What you need to know about bringing pets to high altitudes - Dr. Marty Becker


What you need to know about bringing pets to high altitudes

Wednesday, Aug 9th, 2017 | By Dr. Marty Becker

One of my team members recently had to leave early from a mountain vacation when her dog developed severe altitude sickness, requiring hospitalization. Coincidentally, a reader just wrote me about that very subject – here’s my answer, which should cover what you need to know before your next “Rocky Mountain High”!

Q: Can pets get altitude sickness? What are the signs?

A: Yes, they can. It’s not especially common, but it does occur.

For more details, I asked an expert for more information: Karen Sanderson, DVM, a veterinary cardiologist at Rocky Mountain Veterinary Cardiology in Boulder, Colorado. She says the pets she sees who typically have a problem are those who experience severe rises in pulmonary artery pressures. Problems may be seen at elevations of 6,000 feet and higher.

“The decrease in oxygen tension here causes the pulmonary arteries to constrict,” Dr. Sanderson says. “If the pet already has some pulmonary hypertension, the additional constriction may push them into the severe category and cause clinical symptoms.”

Not surprisingly, the breeds at highest risk are brachycephalic dogs such as boxers, bulldogs and pugs. Dr. Sanderson also sees cases in small-breed dogs such as Chihuahuas. Pets who may have mild pulmonary hypertension at sea level can become worse at altitude. Senior dogs may be at risk as well. It’s not a seasonal problem, but many of the cases Dr. Sanderson sees are in summer because people are on vacation during that time.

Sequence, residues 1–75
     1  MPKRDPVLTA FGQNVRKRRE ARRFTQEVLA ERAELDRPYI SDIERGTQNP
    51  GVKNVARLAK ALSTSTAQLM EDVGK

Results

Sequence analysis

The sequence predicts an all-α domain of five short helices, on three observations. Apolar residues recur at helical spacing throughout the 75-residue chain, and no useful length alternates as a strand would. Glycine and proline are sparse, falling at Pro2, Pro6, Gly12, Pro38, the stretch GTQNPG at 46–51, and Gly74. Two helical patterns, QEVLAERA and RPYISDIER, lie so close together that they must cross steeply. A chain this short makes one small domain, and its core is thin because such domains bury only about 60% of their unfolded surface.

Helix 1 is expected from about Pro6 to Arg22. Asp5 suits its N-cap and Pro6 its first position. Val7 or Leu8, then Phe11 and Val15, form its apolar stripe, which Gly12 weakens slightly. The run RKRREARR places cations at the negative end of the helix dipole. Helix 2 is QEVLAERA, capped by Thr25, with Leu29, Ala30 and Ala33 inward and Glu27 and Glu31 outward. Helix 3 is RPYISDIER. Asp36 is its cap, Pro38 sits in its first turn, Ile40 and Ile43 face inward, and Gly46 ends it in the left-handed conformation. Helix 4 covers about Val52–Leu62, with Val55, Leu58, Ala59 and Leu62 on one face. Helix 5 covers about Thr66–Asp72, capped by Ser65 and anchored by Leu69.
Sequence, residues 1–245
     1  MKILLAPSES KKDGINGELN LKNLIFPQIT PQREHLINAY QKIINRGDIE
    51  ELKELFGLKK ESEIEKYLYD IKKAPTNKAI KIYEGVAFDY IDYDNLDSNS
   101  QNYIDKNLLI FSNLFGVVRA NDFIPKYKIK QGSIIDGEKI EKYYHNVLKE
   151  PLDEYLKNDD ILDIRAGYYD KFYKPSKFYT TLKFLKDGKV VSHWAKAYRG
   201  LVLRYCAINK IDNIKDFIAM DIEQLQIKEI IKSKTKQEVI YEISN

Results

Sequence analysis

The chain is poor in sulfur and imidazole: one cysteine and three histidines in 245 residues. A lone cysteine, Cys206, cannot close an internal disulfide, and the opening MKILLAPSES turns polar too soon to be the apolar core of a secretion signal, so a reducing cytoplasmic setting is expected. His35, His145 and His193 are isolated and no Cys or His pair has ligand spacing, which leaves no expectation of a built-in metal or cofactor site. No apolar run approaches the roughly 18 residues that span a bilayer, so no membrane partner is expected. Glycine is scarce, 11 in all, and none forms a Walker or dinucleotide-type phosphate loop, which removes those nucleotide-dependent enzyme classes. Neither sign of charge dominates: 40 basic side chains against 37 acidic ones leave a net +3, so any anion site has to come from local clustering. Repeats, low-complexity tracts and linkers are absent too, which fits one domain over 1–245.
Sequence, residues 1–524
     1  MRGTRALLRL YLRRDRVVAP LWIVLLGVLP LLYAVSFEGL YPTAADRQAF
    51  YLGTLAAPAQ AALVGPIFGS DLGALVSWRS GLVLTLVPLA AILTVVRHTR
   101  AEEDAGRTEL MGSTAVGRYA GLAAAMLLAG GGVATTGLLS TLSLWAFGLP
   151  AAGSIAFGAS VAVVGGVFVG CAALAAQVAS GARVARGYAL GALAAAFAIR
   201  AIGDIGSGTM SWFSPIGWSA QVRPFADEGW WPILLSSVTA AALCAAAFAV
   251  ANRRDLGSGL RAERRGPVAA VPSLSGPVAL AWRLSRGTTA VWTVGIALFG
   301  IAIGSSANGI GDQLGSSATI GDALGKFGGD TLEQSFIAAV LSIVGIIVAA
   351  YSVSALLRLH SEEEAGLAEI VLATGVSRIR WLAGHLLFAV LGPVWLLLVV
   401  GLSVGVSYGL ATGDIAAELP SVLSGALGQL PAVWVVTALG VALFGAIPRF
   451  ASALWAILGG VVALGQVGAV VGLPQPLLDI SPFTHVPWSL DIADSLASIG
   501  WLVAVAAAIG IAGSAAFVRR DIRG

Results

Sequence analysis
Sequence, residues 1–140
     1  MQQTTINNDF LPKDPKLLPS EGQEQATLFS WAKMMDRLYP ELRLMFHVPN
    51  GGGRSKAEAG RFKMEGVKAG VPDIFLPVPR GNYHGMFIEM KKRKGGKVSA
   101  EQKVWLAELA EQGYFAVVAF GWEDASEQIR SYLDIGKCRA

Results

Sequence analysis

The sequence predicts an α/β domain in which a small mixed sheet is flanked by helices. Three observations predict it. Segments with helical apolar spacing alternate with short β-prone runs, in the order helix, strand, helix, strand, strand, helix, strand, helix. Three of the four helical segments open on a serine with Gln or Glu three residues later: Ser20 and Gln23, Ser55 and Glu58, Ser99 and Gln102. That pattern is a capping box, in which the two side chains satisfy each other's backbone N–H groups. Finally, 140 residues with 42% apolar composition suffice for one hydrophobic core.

Signs include labored breathing and fainting. Pets may also vomit or have diarrhea or lose their appetite. If you are moving or you take your pet on vacation to an area at high altitude, such as certain parts of Colorado or New Mexico, your pet will likely be fine, but if you notice those signs, take him to the nearest emergency clinic for oxygen and medical support. Most animals recover well after treatment and returning to their normal altitude.

“Pets without known heart disease should do fine,” Dr. Sanderson says. “The rare times they experience problems would be difficult to anticipate.”

Read more, including why Paris is  for pets, in this week’s Pet Connection!